"I don't think you can just cast them into outer darkness and try to find a solution to the problems of the region without taking to account the standing that Hamas has in the Palestinian community," Powell said today.
That point, so often missed by American and Israeli policymakers, should be self-evident. But Powell went further, describing how US policy actually empowered Hamas. "They won an election that we insisted upon having," Powell said. "And so, as unpleasant a group they may be and as distasteful as I find some of their positions, I think through some means, the Middle East Quartet… or through some means Hamas has to be engaged."
This is what democracy looks like...
Yesterday afternoon I had one of the most moving experiences in my time here as editor. It was on a conference call with readers and friends committed to helping The Nation deal with the "Great Postal Crisis of 2007."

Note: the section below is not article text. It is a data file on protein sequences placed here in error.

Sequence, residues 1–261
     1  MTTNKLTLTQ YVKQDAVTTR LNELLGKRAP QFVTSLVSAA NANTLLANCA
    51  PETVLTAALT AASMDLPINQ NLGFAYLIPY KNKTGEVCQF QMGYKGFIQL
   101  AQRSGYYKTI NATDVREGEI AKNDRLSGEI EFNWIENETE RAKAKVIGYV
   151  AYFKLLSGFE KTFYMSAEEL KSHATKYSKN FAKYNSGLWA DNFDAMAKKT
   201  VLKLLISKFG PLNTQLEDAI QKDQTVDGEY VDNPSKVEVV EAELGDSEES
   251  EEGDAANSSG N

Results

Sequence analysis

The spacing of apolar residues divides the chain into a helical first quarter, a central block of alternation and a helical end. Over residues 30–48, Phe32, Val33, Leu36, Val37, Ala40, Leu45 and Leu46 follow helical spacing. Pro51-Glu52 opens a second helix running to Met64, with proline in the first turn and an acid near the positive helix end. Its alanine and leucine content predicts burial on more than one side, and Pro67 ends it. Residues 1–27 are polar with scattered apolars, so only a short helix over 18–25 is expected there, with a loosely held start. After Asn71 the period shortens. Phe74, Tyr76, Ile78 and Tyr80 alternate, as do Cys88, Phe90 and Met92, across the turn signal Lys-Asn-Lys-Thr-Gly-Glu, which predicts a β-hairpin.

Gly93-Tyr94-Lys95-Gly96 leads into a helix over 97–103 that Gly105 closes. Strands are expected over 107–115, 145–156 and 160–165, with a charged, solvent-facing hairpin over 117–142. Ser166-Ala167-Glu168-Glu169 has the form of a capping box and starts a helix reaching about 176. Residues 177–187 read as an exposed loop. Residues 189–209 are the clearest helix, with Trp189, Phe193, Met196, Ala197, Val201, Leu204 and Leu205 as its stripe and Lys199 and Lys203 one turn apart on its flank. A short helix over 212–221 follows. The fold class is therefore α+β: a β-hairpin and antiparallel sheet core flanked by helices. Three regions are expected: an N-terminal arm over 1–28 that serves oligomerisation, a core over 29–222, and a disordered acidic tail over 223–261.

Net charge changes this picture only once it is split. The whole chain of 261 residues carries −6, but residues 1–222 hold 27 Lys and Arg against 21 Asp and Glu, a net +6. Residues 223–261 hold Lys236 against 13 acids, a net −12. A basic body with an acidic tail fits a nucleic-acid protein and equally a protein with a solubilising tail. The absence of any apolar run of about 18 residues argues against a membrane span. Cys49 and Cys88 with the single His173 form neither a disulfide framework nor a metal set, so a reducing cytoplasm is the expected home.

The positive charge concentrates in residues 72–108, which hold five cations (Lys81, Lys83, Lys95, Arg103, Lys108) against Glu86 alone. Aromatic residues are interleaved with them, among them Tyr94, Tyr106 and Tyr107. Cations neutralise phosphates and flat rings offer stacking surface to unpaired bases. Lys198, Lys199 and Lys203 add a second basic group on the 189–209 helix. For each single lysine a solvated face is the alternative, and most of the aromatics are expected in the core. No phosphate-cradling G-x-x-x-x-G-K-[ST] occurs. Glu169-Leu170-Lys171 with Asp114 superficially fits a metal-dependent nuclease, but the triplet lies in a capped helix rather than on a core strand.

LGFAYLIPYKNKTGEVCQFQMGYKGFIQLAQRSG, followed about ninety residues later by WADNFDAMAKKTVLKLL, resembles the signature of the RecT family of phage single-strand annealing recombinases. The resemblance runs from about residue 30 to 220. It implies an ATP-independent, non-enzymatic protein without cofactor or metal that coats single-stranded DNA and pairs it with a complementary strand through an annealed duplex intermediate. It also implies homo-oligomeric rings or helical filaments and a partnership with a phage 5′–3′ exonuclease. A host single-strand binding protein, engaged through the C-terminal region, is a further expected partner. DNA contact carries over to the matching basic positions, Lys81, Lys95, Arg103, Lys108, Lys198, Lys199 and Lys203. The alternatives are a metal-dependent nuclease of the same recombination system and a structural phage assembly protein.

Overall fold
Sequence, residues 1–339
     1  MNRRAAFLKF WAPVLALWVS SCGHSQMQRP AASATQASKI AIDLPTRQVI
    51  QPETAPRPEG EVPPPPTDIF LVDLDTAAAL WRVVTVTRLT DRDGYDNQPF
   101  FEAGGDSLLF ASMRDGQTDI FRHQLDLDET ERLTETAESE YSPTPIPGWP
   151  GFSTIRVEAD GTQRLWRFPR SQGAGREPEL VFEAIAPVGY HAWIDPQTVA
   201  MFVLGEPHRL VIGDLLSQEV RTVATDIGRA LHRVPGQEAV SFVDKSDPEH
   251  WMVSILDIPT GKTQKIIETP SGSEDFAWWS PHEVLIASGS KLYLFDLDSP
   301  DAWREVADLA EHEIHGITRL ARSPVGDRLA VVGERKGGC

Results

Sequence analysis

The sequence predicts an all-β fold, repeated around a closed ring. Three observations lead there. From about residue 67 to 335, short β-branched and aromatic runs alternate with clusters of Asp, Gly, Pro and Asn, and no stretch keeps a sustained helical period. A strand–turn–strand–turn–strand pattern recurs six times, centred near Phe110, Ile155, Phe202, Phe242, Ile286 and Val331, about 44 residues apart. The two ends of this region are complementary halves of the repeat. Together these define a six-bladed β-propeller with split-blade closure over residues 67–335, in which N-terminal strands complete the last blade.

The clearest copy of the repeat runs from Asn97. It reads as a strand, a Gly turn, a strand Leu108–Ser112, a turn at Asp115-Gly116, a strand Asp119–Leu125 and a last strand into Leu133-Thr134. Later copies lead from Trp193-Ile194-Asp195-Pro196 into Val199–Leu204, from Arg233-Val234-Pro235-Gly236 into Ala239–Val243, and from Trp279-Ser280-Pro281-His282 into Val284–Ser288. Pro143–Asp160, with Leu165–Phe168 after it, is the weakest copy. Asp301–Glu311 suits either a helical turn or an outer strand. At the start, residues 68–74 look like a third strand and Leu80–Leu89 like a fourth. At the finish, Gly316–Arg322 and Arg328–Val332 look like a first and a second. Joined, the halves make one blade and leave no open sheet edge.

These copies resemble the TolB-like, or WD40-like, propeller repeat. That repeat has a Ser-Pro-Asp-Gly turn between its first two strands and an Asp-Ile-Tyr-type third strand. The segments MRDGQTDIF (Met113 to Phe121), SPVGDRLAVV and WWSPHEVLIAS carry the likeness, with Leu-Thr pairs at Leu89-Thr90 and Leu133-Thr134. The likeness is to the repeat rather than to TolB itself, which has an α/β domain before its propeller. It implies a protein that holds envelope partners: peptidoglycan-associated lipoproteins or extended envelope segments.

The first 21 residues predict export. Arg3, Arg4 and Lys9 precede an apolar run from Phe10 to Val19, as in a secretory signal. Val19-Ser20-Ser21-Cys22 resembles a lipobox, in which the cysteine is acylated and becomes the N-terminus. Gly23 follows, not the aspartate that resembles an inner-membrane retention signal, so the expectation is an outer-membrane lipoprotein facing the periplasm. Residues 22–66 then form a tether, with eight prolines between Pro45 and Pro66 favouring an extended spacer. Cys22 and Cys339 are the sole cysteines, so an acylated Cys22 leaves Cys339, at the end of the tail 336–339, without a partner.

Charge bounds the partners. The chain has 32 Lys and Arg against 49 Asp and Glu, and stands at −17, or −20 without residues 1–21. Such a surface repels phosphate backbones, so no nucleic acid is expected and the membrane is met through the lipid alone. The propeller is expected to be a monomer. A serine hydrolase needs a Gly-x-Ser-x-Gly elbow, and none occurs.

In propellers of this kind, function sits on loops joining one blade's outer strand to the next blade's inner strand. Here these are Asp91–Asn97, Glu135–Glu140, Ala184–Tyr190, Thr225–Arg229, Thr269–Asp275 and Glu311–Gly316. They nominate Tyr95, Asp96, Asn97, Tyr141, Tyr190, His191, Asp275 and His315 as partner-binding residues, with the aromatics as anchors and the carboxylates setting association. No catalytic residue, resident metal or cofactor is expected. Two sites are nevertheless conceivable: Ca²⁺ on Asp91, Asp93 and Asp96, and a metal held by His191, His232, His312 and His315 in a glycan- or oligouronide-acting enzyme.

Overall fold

Let me backtrack for a moment. In these last weeks, the response from thousands of people to our plea for help as we face this crisis has been nothing short of astonishing. When we turned to our loyal readers and friends, we expected your contributions to help just a little to pay the $500,000 increase in our annual postage bill. (NOTE: This blog was updated May 22, 2008, to correct an error. I originally referred to our $500,000 postage bill.) But your overwhelming response has humbled us--and it has also emboldened us in our fight to overcome this corporate-driven, Time-Warner drafted, unfair and anti-democratic rate increase.